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Strep Throat: Need-to-Know Info

Strep that's not treated properly can cause problems like rheumatic fever and antibiotic resistance. To protect your child:

Know the symptoms. A sore throat (especially while swallowing), white spots, and enlarged lymph nodes are the hallmarks of strep, but some kids may also  -- or even only  -- have a fever, headaches, body aches, abdominal pain, nausea, or vomiting. Scarlet fever (a strain of strep) shows up as a red, sandpapery rash on the neck and upper torso. If your child also has a cough, congestion, and hoarseness, it's probably a virus  -- not strep throat.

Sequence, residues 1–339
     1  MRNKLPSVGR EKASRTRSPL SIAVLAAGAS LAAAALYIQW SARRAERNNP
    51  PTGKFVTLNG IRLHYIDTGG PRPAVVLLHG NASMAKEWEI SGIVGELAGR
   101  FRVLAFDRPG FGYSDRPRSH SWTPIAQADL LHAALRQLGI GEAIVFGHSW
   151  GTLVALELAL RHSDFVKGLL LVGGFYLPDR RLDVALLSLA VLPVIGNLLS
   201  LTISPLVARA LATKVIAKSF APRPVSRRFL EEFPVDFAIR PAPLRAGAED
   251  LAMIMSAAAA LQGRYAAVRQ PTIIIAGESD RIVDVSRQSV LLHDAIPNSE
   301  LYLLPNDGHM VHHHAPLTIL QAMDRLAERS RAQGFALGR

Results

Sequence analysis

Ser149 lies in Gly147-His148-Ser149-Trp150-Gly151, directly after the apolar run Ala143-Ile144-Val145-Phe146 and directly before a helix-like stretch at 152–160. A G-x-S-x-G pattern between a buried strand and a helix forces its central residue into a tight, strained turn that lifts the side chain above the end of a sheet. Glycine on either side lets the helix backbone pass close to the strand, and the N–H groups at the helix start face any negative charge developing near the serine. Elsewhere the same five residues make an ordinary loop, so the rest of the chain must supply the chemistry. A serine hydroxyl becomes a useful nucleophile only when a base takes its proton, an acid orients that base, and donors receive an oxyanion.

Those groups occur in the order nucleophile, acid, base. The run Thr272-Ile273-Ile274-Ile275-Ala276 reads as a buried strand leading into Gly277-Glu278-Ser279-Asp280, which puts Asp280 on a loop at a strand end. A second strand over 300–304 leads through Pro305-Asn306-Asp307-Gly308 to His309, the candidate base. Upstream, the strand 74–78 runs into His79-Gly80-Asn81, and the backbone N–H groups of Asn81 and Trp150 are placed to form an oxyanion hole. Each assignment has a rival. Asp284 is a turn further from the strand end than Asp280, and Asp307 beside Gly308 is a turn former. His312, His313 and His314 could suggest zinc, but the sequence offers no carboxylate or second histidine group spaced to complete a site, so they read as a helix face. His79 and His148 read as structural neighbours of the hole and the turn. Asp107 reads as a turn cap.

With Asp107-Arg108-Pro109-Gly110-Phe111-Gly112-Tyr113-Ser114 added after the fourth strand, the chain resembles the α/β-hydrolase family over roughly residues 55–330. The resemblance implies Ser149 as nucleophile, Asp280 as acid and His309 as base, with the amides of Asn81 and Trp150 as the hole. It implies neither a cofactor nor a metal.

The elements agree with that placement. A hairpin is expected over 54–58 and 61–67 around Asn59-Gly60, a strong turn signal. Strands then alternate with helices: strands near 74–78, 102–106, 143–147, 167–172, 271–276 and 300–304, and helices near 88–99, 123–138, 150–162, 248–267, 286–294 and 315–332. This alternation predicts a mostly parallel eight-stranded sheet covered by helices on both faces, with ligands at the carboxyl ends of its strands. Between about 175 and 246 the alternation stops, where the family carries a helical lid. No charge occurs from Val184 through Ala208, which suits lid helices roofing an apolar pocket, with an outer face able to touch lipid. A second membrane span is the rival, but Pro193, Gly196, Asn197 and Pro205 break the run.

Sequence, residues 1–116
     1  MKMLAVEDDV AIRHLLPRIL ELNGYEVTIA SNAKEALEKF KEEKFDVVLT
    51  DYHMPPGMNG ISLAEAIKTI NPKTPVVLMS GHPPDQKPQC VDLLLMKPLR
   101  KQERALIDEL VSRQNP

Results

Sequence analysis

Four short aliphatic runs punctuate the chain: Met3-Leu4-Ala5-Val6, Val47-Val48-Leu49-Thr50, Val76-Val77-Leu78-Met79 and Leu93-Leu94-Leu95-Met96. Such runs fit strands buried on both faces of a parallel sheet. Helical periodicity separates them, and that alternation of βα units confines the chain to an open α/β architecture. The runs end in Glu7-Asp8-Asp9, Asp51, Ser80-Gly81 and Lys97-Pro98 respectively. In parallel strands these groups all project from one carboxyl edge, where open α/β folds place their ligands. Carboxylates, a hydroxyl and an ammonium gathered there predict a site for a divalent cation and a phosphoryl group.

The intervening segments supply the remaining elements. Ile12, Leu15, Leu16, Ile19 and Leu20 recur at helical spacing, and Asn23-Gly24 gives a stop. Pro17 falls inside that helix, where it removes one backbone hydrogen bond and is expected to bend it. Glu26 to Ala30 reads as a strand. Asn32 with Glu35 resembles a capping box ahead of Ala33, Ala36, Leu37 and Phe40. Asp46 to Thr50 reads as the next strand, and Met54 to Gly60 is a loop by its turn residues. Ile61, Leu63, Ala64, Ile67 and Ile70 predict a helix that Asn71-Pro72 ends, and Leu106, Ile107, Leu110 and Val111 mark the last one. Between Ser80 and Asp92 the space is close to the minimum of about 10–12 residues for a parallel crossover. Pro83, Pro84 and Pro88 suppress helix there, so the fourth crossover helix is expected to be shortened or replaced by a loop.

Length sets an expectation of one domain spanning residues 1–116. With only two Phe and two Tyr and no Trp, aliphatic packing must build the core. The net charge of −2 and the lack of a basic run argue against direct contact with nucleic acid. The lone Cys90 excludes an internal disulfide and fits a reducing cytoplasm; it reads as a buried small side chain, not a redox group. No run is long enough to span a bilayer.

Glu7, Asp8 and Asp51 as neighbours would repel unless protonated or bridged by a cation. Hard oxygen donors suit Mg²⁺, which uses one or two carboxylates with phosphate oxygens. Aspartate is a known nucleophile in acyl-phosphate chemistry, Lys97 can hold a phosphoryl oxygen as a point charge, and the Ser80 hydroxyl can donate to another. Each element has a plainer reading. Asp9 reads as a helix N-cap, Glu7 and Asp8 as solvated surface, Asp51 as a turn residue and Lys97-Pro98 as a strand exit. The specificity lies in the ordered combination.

Get your child tested. If you suspect strep, it's time for a throat culture. The newer rapid swab test delivers a result in minutes. If your doc uses the slow test, wait for the results before starting medication unless the symptoms are textbook; antibiotics won't cure a virus  -- the culprit in the vast majority of sore throats  -- and overuse can lead to resistance.

Use the right treatment. Most effective: penicillin drugs (including Amoxicillin and Ampicillin), since some strep strains are resistant to the newer erythromycin drugs. Your child will no longer be contagious a day after her first dose, and she'll feel better in 24 to 48 hours.

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